Page 2, 18th September 1964

18th September 1964
Page 2
Page 2, 18th September 1964 — Continued from page 1, col. 4
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Organisations: Greek Orthodox Church
People: John
Locations: Rome

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Continued from page 1, col. 4

DEBATE ON THE CHURCH

decisions reached, this session will undoubtedly prove the most productive to date. The first item on the agenda is the completion of discussion on the document dealing with the nature, role and organisation of the Church. In his Monday address, the Pope said that this document was the most important one beifore the Fathers. "The hour has sounded in history", he said, "when the Church which expresses herself in us and front us receives structure and life must say of herself what Christ intended and willed her to be." It is now very clear that the Pope will not intervene in the Council's work and will leave it to the bishops themselves to make its decisions.

For the first time, representatives of the Orthodox Patriarchate of Constantinople are attending the Council as Observers.

They are the Archimandrite Rodopoulos, the Archpriest Romanidis, and the personal representative of the Patriarch, the Arohimandrite Andre Scrima, Rector of the Greek Orthodox Church in Rome.

They heard the Pope renew his appeal to the separated brethren and the deeply felt emotional passage in which he declared his love and concern for "Churches that are so far and yet so close to us."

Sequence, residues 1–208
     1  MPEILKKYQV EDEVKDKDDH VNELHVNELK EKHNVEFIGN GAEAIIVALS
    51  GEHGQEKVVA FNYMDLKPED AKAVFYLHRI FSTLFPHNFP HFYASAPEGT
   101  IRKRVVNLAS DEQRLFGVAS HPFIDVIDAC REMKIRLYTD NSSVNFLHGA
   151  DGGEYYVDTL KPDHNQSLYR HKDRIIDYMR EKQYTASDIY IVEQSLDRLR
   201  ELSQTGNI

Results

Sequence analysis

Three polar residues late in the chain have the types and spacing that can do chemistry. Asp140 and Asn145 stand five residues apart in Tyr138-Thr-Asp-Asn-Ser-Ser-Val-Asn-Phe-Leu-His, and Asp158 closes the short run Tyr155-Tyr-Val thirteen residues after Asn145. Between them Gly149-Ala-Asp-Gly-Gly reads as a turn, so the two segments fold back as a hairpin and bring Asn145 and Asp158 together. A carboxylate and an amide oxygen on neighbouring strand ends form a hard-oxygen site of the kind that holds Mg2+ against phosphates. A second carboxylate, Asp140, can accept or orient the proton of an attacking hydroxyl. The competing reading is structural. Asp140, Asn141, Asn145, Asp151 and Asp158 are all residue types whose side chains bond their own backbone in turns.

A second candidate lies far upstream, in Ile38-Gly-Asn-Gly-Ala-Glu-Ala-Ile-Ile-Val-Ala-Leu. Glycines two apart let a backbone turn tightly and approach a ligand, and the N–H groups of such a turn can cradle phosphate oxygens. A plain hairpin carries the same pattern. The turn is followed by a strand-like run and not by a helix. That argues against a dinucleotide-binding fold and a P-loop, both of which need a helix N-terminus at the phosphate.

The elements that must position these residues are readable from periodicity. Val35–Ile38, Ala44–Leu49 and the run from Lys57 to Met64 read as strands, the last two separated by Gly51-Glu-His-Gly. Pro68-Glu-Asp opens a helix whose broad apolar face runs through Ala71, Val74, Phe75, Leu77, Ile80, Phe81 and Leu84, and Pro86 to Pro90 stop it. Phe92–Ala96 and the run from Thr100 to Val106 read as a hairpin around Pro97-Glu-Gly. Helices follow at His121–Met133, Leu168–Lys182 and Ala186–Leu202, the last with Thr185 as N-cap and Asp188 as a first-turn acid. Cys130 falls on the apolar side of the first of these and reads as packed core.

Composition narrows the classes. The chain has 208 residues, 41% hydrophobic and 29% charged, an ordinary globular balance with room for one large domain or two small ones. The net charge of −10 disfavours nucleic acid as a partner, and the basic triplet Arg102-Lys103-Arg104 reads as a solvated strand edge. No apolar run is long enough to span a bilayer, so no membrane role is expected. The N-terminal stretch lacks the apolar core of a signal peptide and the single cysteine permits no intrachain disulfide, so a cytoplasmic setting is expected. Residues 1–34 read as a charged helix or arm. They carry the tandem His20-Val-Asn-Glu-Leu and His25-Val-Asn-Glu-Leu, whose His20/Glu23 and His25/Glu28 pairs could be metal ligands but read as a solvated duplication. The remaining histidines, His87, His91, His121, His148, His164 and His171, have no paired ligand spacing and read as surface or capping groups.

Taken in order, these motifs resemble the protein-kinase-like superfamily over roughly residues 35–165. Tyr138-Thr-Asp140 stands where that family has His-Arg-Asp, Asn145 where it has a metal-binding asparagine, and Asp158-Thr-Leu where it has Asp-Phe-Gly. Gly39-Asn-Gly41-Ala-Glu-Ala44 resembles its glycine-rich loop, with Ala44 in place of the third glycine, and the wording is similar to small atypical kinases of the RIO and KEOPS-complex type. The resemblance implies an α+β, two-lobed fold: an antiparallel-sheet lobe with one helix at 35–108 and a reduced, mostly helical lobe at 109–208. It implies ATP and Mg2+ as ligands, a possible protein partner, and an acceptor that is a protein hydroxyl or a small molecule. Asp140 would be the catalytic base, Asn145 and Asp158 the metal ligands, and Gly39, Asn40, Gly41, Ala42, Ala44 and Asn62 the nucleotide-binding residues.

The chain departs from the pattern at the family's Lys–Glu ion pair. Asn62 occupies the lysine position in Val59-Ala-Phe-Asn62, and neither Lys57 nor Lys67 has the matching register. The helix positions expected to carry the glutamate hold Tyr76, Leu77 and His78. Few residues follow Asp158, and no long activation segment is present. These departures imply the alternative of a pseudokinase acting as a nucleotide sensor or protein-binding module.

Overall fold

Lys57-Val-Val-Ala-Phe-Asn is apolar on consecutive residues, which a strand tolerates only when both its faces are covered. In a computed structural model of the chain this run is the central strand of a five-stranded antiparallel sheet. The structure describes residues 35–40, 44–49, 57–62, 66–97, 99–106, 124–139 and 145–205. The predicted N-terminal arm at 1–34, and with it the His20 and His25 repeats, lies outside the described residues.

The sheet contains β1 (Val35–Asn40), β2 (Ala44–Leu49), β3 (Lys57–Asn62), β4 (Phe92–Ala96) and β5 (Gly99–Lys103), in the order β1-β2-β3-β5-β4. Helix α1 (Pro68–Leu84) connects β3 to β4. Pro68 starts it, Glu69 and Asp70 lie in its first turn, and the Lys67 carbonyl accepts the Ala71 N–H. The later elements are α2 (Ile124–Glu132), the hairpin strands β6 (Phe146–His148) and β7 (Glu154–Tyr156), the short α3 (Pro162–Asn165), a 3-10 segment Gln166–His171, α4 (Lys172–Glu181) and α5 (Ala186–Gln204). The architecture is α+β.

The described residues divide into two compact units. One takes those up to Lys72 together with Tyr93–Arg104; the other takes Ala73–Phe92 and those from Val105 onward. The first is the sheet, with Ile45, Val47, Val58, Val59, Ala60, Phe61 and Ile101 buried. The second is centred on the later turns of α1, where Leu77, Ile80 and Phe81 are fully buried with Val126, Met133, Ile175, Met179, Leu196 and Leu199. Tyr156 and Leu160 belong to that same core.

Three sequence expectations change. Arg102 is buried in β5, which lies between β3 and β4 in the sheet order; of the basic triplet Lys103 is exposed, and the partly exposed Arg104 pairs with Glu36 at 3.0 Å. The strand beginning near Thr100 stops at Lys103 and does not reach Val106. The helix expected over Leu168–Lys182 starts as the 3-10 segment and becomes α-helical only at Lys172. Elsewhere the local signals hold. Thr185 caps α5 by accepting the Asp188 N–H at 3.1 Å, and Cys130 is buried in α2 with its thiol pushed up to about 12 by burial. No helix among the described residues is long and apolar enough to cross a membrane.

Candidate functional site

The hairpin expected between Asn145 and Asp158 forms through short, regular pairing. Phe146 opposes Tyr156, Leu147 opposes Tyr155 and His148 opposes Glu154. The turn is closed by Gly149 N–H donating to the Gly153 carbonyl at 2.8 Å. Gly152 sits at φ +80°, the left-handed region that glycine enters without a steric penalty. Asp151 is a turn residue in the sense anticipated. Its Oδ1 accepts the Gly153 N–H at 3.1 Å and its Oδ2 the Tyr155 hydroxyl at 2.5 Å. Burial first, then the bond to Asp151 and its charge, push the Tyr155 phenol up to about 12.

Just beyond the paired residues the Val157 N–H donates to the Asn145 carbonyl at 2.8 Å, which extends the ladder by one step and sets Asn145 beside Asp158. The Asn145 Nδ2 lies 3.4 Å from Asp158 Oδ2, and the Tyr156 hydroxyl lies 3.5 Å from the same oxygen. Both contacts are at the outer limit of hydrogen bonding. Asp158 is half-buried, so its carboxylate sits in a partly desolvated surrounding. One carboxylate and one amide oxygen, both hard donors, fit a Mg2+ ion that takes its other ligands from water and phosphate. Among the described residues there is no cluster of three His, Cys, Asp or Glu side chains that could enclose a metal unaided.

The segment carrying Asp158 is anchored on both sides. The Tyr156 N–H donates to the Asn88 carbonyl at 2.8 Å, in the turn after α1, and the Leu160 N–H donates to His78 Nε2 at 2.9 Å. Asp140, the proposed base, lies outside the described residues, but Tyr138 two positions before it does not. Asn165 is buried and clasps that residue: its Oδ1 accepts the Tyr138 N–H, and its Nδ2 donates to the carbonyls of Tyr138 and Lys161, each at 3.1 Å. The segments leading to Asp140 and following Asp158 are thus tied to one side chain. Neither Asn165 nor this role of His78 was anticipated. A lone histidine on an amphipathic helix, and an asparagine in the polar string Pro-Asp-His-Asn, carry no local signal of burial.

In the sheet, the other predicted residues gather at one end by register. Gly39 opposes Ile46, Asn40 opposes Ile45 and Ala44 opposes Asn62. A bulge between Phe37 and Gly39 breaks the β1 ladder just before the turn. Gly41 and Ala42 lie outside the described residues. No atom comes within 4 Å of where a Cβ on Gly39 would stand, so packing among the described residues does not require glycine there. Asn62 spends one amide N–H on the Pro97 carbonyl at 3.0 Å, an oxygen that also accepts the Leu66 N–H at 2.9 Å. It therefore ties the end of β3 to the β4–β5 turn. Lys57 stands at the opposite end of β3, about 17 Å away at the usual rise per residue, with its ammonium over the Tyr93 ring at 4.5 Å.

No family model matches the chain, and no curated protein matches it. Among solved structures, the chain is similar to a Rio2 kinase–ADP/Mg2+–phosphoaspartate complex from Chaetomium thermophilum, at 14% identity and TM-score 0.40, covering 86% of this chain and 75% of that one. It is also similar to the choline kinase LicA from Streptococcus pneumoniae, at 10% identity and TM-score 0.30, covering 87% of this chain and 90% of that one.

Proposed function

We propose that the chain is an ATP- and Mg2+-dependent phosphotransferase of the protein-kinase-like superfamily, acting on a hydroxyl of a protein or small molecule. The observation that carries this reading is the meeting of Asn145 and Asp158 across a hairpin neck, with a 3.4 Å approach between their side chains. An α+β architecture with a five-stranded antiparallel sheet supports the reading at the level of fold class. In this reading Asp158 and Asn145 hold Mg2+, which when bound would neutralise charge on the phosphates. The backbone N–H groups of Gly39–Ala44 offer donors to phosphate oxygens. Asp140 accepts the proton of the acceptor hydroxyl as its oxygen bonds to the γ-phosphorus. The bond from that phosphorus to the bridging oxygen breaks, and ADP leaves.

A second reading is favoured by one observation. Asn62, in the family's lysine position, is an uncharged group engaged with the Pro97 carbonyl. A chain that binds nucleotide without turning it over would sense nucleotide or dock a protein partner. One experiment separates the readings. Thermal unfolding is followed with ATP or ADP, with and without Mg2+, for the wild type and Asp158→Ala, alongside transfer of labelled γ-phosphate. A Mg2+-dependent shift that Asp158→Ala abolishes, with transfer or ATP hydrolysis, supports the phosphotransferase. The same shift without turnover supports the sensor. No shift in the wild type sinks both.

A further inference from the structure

They were, he said, "Churches for whom our heart is filled with longing. Churches who create the nostalgia of our sleepless nights. Churches of our tears and of our longing to do you the honour by our embrace in the sincere love of Christ."

Tuesday morning . saw the Fathers getting down briskly to business. They completed discussions on the seventh chapter of the Schema on the Church, a chapter which deals with the eschatological character of our vocation and of our relations with the saints in heaven.

It is chiefly concerned with what are called in theology the novissima, or last things death, judgment, heaven, hell and purgatory.

Introducing the chapter, Cardinal Browne of the Roman Curia, said it had been inserted at the express wish of Pope John. Of the 11 speakers, most accepted the chapter with reservations, though the first speaker, Cardinal Ruffini, attacked it as scripturally Madequate and incomplete. Abbot Butler of Downside criticised its lack of references to the Holy Spirit. There was, he said, only one mention of the third person of the Blessed Trinity in the chapter and this reference was calamitous since it suggested that, while worship was due to the Father and the Son, it was not due to the Holy Spirit.

He asked that the chapter should be modified to avoid this. and he also said that it treated inadequately of the mystical body and that this should be clarified.




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